• Naomi Shiferew, Senior Specialist in Labor Migration and Social Inclusion in West and Central Africa at the IOM Regional Office in Senegal recounted existing free movement policies in Africa, such as the Continental Free Trade Area and the African Union protocol on free movement of persons that facilitate more accessible labor migration in the region. However, she noted that the implementation of these frameworks is impeded by a lack of skilled people, access to legal aid for migrants, and a lack of social protection for them. To correct gaps in the current system, there is a need for traditional sources to track statistics on migrant workers, synchronize labor migration approaches across Africa by paying attention to local and national social and economic demographics, and acknowledge the informal and seasonal work sectors to afford adequate social protections for vulnerable labor migrants. She emphasized that forecasting labor migrant needs can allow decision-makers to work backward and create fit-for-purpose educational policies and skills training programs. 
  • Jakub Bijak, Professor of Statistical Demography at the University of Southampton and Lead Researcher of QuantMig considered forward-looking approaches in two dimensions, one that implies the users and policymakers know the level of uncertainty and one where the uncertainty is unknown. Recognizing that we can learn more about the present than the distant future, the challenge is to identify leading indicators and high-priority, high-impact signals occurring right now that will still matter in the future. He emphasized the need for traditional data to complement non-traditional data in order to accurately forecast future scenarios and migration projections.
  • Linda Adhiambo Oucho, Executive Director of the African Migration and Development Policy Center, presented a dynamic taxonomy of mixed migrants. She demonstrated how people can fall into multiple migrant categories across their lifetime; for instance, asylum seekers can become labor migrants, who later migrate for family reunification. Yet this fluid status exposes mixed migrants to the risks of trafficking, discrimination, xenophobia, and a lack of legal and social protection that makes it easier to harm and exploit them. 
  • Laura Nistri, Regional Data Hub Coordinator at the IOM Office in Kenya, talked about the need to map out baseline journeys for highly fluid mixed migration scenarios that are present in Africa. For instance, when it comes to conflict or climate change, decision-makers could use forward-looking tools to assess the time period of movement and where the hot spots of migration will occur. Further, she stressed the importance of defining why data is being collected and used in order to handle it responsibly. 
  • Alexander Kjærum, Senior Analyst at the Danish Refugee Council, presented three forecasting models his team deployed in Africa. Using migration determinants from UN agencies, the World Bank, and other data sources, the project was able to use predictive analytics to estimate the number of displaced people from a given country in a region 1-3 years into the future and within a given administrative region 3-4 months in the future. This insight supports strategic planning and operational responses to migration events. However, he also noted that the models are conservative in their predictions and are not good at catching outlying ‘black swan’ events.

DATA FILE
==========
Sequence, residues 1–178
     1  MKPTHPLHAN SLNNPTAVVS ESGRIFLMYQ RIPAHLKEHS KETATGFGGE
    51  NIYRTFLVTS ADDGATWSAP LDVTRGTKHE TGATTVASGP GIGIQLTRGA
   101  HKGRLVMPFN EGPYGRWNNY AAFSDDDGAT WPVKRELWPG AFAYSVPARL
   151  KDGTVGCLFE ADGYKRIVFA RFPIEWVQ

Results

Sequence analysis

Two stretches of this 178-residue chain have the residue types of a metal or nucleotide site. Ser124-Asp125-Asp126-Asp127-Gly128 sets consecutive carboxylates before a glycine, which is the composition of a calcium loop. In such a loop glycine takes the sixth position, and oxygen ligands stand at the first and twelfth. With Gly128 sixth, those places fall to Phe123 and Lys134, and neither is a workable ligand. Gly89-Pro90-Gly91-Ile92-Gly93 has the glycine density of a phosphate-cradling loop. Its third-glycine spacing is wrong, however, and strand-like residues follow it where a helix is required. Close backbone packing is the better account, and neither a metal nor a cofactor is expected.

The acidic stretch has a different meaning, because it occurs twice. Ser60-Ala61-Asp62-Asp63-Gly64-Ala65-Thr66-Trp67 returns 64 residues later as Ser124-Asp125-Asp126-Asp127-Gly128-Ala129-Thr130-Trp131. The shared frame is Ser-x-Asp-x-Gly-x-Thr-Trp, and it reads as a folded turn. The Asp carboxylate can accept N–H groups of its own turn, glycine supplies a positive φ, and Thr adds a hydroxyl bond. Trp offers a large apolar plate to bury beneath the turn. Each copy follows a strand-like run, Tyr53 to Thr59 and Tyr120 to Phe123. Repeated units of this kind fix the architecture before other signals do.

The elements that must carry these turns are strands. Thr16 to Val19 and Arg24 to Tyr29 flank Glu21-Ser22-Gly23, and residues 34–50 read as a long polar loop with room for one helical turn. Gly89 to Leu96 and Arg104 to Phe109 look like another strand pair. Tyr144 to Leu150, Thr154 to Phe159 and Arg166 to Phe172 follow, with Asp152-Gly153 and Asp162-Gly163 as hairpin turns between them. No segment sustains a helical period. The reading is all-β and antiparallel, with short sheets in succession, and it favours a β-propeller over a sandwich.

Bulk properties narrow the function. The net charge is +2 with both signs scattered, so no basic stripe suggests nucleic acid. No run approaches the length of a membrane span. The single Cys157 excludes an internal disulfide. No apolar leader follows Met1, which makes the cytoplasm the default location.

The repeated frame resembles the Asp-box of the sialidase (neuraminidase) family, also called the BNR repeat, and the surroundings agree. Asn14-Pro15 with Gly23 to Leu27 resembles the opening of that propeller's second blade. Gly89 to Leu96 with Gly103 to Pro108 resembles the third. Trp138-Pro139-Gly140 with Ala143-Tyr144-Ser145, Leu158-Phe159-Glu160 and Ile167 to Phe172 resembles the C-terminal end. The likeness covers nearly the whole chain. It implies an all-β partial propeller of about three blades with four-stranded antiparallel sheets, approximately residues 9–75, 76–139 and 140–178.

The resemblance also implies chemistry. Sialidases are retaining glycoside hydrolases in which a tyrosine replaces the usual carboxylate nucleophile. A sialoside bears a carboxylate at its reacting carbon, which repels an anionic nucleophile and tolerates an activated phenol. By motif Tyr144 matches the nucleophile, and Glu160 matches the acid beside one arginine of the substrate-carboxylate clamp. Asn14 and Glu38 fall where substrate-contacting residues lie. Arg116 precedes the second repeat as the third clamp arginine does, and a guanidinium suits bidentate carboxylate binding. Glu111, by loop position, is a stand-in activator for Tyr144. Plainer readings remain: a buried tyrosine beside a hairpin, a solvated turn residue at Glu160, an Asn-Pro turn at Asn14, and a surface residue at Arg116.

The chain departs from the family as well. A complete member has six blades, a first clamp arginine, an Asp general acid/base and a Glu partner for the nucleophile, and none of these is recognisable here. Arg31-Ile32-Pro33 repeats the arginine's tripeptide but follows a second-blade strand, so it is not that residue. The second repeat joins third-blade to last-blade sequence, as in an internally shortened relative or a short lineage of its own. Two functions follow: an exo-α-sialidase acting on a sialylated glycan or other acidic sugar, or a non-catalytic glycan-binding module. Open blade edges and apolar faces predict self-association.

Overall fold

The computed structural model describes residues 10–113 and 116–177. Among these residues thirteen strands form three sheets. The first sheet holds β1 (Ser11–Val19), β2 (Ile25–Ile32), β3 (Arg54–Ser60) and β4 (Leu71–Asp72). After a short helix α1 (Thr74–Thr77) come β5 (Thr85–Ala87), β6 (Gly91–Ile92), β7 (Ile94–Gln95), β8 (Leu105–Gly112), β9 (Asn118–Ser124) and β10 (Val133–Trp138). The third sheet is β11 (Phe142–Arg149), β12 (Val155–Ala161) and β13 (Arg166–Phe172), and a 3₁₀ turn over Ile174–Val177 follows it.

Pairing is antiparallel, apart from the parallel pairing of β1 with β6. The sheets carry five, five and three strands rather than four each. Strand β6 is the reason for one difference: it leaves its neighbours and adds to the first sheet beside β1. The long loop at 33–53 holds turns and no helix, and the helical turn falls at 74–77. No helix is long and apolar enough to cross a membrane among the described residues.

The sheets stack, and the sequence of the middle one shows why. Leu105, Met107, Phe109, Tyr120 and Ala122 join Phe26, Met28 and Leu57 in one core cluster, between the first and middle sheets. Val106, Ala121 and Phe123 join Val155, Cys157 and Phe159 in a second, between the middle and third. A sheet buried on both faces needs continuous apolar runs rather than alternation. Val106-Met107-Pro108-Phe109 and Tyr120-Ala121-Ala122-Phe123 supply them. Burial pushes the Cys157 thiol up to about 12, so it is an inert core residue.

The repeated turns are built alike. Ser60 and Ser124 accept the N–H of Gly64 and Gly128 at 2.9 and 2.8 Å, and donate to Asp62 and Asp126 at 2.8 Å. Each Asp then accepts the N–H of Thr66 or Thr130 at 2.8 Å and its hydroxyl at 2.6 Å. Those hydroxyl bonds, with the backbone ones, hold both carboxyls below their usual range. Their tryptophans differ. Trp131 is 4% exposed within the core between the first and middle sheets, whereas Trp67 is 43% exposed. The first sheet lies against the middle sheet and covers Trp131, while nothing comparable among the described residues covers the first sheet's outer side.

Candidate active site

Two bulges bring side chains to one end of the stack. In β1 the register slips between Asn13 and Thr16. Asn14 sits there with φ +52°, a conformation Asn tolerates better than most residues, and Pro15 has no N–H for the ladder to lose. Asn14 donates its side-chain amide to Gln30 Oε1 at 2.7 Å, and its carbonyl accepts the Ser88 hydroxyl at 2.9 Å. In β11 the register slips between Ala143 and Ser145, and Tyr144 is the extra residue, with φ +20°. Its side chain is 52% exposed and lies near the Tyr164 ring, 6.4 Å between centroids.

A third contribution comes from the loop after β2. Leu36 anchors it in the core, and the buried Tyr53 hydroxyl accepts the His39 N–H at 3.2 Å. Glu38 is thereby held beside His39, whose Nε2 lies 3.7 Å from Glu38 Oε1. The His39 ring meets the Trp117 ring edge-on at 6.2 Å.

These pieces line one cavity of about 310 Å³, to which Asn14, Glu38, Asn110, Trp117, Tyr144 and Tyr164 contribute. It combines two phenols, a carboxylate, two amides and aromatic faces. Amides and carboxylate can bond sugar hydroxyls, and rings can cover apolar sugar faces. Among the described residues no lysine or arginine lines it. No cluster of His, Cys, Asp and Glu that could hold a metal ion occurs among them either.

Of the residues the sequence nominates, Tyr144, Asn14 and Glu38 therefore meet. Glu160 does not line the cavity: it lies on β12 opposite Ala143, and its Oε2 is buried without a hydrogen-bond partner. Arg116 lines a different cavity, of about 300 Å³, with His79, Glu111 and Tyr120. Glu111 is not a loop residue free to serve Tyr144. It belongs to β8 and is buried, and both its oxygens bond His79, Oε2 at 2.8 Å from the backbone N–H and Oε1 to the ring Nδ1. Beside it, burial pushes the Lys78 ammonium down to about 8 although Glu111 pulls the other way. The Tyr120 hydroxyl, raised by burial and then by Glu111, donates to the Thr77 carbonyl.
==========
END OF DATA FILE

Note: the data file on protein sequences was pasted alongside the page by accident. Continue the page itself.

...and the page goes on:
• Tuba Bircan, Professor at the University of Cambridge and Lead Researcher of the HumMingBird Project gave an overview of how non-traditional data, such as cell phone records and satellite data, have been used to track human mobility in Africa. She highlighted the nuances within umbrella categories of migration. For example, both flood and drought-related migration are climate-induced movements; however, when a flood occurs, people tend to leave immediately and later return while during a drought, people wait for as long as possible to leave, and once they leave tend not to come back. She noted that while non-traditional data can shed light on specific insights like these, it needs to be verified with the help of traditional data. As well, all data analysis cannot uncover fully root causes for movement; decision-makers need to engage with affected parties to understand their rationales for migrating.



Overarching Challenges

Ultimately, the presentations highlighted three overarching challenges facing data and data models for anticipatory practices in migration work. Attendees signaled the following challenges as priority needs to address in the field going forward. 

  • Standardizing the collection of data: A lack of standardized frameworks for collecting and organizing data across governments leads to datasets that are incomplete and not interoperable. Without coordination and granularity of government data, the caliber of traditional data suffers—which impedes the use of innovative data sources because they still need to be complemented with real numbers to ensure robustness and accuracy. 
  • Re-using the data: Silos between the public and private sectors, and their data holders, prevent the fusion of traditional and non-traditional data to improve data-driven analysis. While efforts to engage non-traditional data holders have been on the rise, there remains a lack of awareness of data (re)use initiatives and skepticism of their value to both parties. For example, the private sector has developed its own skills ontology to classify worker credentials which have become popularized and widely adopted. However, if the public sector joins on, issues of who owns and how to refine the classification system can create power asymmetries. At the same time, not adopting a classification framework perpetuates issues in data translation across countries. 
  • Assessing the data: Migrants evolve across a spectrum of labels and descriptions across time and circumstances. Efforts to classify migrants fail to account for changing descriptors—for instance, a refugee transitioning into a labor migrant—in a dynamic way. There is a need to build a more in-depth understanding of migration journeys and consider social, economic, and demographic factors that further nuance the data-driven picture of migrants.


This event is one of a series of data innovation events the BD4M is hosting throughout 2023. Previously, we discussed some ways that non-traditional and innovative data can be used for labor migration with government officials in Egypt, which can be found here.